"LOTS has been said about Amal Clooney's decision to wear white arm's length gloves to the Golden Globes this year. Maybe it wasn't the best choice, but she still looked great. The human rights lawyer also added a 'Je Suis Charlie' pin on her purse," noted the columnists Hoda and Kathie Lee in their NY Daily News commentary.

What cracked up our reader Donna K. Donelson was this: "I had to chuckle that commentators were remarking with astonishment at the new Mrs. Clooney wore HER OWN GLOVES." People in the near nudity and daring of today's fashion for the red carpets of the world "just can't realize how much we Texas gals know about 12-button white debutante gloves. I still have mine -- collectors' items, right, left and elbow length."

And I still have mine, worn once at the April in Paris Ball back in the good old days of the '60s. One doesn't really know what to do with these gloves now because very few of us are going to end up meeting a guy like George Clooney who will give us an excuse to go "whole hog" again.

WE actually have a reader who says the Academy Awards telecast should cut down its memorial to those who died in 2014. "Nobody even remembers most of them," said our callous commentator.

Well, being of a certain age, I don't agree. I want to remember and recall every one of them! Rex Reed writes me that he is still getting additions from readers to his long list of the truly famous who bowed out like Luise Rainer, Shirley Temple, Betty Bacall, Elaine Stritch, Philip Seymour Hoffman, Robin Williams, Joan Rivers, Rod Taylor, Anita Ekberg and on and on. Rex included those among his long list and says he did include the one and only Mike Nichols but I read his column twice in the New York Observer and didn't find my Mike!

Rex is grieving over forgetting the Times man Arthur Gelb. And he is putting on a memorial for his best friend Polly Bergen at the swank American Airlines Theatre on 42nd Street. Speakers who remember Polly will be classic, including Gloria Steinem, Mel Brooks, Phyllis Newman, Chris Matthews and Harry Belafonte. I think I might even say a few words about Polly, one of the funniest most feisty talented actresses and singers! It's March 26 from 3 to 5, cookies after upstairs. Put this on your calendar.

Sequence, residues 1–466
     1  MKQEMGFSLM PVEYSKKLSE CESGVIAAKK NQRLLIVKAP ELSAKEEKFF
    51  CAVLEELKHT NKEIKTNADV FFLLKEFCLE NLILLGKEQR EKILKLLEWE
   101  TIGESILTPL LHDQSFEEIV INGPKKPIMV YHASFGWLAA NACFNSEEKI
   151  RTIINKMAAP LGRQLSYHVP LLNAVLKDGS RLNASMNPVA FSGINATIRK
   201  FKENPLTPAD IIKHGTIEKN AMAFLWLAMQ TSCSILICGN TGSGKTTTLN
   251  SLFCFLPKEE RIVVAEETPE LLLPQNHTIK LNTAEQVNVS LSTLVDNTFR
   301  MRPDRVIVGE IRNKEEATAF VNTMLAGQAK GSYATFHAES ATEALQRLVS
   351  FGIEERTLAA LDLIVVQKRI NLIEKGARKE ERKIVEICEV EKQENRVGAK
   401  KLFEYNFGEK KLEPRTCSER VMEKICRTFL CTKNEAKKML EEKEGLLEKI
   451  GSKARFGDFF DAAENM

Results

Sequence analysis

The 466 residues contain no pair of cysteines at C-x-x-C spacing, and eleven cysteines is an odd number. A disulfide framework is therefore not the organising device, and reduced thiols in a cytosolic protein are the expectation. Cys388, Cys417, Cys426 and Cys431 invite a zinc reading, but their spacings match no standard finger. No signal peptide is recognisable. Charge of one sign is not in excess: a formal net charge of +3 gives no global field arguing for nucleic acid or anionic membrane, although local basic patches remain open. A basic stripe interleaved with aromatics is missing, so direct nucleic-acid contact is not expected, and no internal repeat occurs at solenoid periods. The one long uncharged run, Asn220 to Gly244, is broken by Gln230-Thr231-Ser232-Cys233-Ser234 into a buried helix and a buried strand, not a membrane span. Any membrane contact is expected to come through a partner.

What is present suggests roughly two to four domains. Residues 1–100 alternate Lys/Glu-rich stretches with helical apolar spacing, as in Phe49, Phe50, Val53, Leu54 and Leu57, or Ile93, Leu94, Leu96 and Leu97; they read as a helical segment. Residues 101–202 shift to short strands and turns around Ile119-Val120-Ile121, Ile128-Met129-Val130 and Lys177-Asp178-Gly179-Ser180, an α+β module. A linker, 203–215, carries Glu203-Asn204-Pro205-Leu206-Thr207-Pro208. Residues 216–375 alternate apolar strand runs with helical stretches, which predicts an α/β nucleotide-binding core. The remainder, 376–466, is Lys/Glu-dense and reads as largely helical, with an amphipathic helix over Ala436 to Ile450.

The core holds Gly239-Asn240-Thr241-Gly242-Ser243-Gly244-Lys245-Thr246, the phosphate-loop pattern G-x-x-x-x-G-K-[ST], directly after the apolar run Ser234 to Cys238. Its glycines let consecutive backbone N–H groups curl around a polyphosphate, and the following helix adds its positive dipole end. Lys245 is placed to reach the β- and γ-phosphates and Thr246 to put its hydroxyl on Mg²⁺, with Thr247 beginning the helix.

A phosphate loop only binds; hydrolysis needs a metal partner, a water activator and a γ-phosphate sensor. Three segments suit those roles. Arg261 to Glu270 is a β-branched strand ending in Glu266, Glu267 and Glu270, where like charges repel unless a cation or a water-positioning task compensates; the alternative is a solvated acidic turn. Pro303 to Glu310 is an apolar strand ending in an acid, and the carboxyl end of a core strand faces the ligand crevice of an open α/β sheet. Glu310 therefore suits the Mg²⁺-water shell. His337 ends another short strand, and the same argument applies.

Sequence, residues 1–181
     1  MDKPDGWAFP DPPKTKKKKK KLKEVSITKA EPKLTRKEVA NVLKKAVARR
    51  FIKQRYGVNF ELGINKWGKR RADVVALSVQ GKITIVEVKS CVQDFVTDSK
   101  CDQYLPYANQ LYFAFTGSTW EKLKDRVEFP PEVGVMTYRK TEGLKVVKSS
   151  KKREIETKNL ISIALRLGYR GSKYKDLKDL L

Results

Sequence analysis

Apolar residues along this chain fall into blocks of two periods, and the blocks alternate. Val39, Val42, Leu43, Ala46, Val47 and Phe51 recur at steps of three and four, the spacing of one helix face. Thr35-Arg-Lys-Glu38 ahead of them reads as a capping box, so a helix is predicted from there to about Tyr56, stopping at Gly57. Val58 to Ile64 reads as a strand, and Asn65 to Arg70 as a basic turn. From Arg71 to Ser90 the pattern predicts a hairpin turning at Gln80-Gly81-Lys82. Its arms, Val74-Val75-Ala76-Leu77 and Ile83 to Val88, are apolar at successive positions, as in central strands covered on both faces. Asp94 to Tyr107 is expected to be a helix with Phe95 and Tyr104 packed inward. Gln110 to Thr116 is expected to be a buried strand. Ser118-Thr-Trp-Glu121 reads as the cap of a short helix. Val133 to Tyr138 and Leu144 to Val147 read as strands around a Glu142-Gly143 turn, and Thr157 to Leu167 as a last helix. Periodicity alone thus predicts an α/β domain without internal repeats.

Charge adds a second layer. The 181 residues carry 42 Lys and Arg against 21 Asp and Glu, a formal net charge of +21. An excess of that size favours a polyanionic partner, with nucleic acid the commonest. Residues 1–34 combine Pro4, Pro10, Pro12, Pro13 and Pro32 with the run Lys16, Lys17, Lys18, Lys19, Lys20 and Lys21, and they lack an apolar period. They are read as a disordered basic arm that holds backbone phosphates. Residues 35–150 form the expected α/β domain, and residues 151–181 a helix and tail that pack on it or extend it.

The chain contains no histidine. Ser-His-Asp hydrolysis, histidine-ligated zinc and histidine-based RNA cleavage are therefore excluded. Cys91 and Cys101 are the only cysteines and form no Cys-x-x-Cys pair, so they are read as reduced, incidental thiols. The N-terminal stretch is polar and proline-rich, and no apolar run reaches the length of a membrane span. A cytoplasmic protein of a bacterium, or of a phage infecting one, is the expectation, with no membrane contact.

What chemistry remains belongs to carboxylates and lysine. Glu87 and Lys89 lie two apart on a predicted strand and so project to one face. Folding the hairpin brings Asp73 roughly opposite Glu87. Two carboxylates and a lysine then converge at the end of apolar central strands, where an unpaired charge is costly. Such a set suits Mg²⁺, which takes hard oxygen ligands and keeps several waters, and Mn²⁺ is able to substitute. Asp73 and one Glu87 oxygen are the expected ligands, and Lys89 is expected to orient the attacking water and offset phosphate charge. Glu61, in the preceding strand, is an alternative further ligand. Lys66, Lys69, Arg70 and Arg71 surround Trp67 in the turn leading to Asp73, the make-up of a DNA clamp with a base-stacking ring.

Everywhere I go I get complimented when I'm wearing the fabulous red and silver western belt that the late governor of Texas, Ann Richards, gave me.

My other pride and joy is a pair of aquamarine earrings. I was giving a party for Ann to meet my New York friends and she walked right up to "Sisi" Cahan and said, "I want to buy your earrings. Liz admires them." The Texas-born Mary Sykes Cahan was so impressed she took the earrings off and plopped them in Ann's hand, demanding money. A transaction occurred and I left the party much the richer for it.

These days, history moves so fast that I wonder if even Texas' demanding one-note history remembers the engaging Democrat-liberal Ann Richards?

Well, some of us do and we are proud of Ann's daughter, Cecile Richards, who fights so valiantly for Planned Parenthood and of Ann's younger daughter, Ellen, who runs the Ann Richards School for Young Women Leaders in Austin.

Ann used to say to me that she worried about making enough money to live on in her old age "because Ellen loves old people and I don't want to be one of those who end up living in a trailer parked in Ellen's driveway!" (Unfortunately, our idol Ann didn't get this chance, leaving us in 2006 at the age of 73 when she was still impressive, youthful and dynamic.)

But Ellen has proved herself capable of doing for the young also. Ann's astounding school is producing female leaders every graduation.

Did you see Lily Tomlin onstage at the Golden Globes with her pal Jane Fonda? Well, Lily will appear May 8 as the honoree for Ann's school. Her show, titled "Reach for the Stars" will honor this spectacular show biz talent who has recently been saluted over and over in Washington -- with the Mark Twain Award in 2003 and the impressive Kennedy Center Honors this year.

If you can get to Austin, it happens this spring at The Four Seasons Hotel.

Go to for info and tickets. (I'm going and wearing my belt and earrings!)

Here's your chance to own an 18cm. Egyptian faience ushabti statue (dynasty Nefer-Ibre-Sa-Neith 570-526 BC) from the collection of Henry Salt.

And you can see this work of art of an Egyptian servant (his master had many such statues in his tomb) in the Rupert Wace Ancient Art collection on display at the Winter Antiques Show.

This will be set up for New York's annual event in the Park Avenue Armory January 23 through February 1. Call 718-292-7392 or 718-665-5250. The East Side House Settlement benefits!

Anyway, the statue is just about perfect, even if I can't compare it to my Texas belt.

(E-mail Liz Smith at